Julie Stokes

A message from the founder of Winston’s Wish, Julie Stokes OBE

In 1992, I returned to the UK after a Winston Churchill Travelling Fellowship with lots of exciting ideas on how we could bring children together, to help them support each other, express their feelings and ultimately rebuild their lives when someone had died. Winston’s ‘wish’ was that every child who experienced the death of a family member would get the support they needed. We were on a mission!

28 years on and the world is suddenly so turbulent and still. There’s physical distancing and social closeness. Death is on the horizon. The travelling has stopped, children are no longer at school or playing together in groups. In the UK we await a tsunami of grief and hope that the ultimate wave of loss will somehow miss our family and friends; that our children will be spared the agony of growing up with grief.

In 1992, children were called ‘The Forgotten Mourners’. The world is very different now. We understand that children need to be involved with these painful parts of life, to belong and to feel included, to be able to share their feelings with people they trust and to go back to the stuff they love when the grief subsides. Adults know that it is not ‘making’ a child cry but ‘allowing’ a child to cry. Sometimes they will have regrets and often feel very angry at the disruption to their lives. They also need closure and choices. In this painful period, the choice to attend a funeral is likely to be taken away. So we will need to think of alternative ways of saying goodbye. Of helping a young child to really understand that someone who was important to them is not coming back from the hospital intensive care unit.

All of this will be so much harder as the adults supporting the child will themselves be so shocked and traumatised. If you know of any parent in this difficult place, please help them by calling our Helpline (08088 020 021) or looking at our website for practical and captivating ideas to help children and young people of all ages.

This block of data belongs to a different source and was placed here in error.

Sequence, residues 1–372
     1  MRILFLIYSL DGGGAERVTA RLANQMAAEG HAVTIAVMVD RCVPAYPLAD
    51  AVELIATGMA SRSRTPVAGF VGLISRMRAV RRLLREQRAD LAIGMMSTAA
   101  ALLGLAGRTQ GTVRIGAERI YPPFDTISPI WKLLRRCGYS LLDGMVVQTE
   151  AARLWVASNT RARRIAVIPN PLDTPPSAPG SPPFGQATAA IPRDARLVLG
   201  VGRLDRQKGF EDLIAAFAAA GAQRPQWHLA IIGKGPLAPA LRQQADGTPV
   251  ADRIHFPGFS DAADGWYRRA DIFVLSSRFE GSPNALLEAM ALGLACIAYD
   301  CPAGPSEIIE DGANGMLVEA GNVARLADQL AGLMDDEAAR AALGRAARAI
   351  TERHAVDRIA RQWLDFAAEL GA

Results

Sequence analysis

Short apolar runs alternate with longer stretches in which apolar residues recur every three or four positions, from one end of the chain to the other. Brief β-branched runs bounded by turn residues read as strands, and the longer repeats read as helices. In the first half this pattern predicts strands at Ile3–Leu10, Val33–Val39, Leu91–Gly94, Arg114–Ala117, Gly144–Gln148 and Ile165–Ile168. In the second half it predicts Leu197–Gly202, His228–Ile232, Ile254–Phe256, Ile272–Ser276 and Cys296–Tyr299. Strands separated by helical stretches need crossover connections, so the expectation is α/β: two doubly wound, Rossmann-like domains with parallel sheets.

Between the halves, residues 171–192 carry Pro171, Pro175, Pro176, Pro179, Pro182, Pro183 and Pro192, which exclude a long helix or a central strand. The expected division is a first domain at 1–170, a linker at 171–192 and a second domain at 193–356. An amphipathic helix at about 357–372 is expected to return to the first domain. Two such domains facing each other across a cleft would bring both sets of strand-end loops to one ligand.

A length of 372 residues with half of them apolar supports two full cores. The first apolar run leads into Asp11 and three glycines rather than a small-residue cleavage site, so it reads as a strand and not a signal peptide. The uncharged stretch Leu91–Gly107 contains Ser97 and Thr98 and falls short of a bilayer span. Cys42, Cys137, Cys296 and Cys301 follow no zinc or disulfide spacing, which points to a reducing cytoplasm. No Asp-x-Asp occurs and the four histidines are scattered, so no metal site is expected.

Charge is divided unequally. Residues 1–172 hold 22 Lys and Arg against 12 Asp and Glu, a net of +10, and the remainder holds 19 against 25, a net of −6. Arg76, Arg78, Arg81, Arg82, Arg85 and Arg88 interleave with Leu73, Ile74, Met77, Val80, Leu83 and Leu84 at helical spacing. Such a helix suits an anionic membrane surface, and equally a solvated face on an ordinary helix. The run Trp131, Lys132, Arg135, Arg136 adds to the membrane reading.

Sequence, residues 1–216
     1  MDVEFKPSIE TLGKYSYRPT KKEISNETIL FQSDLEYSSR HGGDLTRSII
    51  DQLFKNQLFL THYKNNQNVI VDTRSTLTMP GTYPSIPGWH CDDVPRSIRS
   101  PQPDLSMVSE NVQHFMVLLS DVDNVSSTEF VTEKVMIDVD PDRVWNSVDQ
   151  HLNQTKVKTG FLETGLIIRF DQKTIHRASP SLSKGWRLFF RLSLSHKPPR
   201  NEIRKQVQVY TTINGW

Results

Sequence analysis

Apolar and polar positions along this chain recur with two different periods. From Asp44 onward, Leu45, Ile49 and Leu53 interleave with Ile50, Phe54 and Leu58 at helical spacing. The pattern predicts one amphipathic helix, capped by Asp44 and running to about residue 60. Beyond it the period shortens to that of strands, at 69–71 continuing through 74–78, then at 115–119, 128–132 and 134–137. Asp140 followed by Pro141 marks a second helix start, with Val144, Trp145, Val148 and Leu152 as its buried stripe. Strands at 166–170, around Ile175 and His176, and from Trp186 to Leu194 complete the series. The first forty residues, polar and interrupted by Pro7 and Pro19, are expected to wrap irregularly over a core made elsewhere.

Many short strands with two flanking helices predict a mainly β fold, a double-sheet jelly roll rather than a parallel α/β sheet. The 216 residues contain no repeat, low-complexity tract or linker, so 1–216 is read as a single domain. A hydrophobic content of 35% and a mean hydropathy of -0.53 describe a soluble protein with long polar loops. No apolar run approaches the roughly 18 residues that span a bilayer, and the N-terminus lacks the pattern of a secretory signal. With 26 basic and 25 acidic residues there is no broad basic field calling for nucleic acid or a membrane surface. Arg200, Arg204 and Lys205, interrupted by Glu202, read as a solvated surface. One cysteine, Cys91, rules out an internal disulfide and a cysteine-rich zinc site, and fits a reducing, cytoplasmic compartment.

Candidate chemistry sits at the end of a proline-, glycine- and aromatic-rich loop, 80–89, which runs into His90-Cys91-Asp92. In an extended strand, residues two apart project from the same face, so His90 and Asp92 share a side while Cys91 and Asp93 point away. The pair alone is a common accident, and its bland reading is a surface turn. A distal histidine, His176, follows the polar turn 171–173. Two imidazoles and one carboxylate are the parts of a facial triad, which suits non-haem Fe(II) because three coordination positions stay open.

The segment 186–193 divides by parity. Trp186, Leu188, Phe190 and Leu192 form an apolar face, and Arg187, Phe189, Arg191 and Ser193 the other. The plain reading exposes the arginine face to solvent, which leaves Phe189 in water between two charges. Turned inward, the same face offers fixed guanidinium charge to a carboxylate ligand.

Our Helpline team will take time to understand the meaning of this particular death on this particular child, living in this particular home and community. No matter how many people will die from this dreadful virus, we know that the person who you are concerned about is unique. They have a unique relationship with your child. Many relationships will be loving, some may be more distant or difficult. We are able to be honest with you so you can support the child or young person you care about. Whatever the complexities.

My daughter had coronavirus last week, so I knew I had to self-isolate and look after her, and that I wouldn’t be able to attend a funeral a few days later. I wrote a letter directly to the person who had died. Suzanne, the warm generous celebrant, kindly still risked attending and read it out as the eulogy in front of only three mourners. Lucy, the funeral director, sent me photos. I am not a child but I felt included and it was special to know that I had contributed. As the weeks go on, funerals as we know them will change. It is my sincere wish that, as all the adults struggle with their own feelings of loss and bewilderment, we still make space for children to express their feelings in ways that work for them. That perhaps the world can see beyond their own sadness and ensure there are no forgotten mourners, especially not children.


Julie Stokes OBE

Founder of Winston’s Wish

Other articles you might find helpful:

Coronavirus: supporting bereaved children and young people

How Winston’s Wish has adapted its services during the coronavirus pandemic

Coronavirus: How to say goodbye when a funeral isn’t possible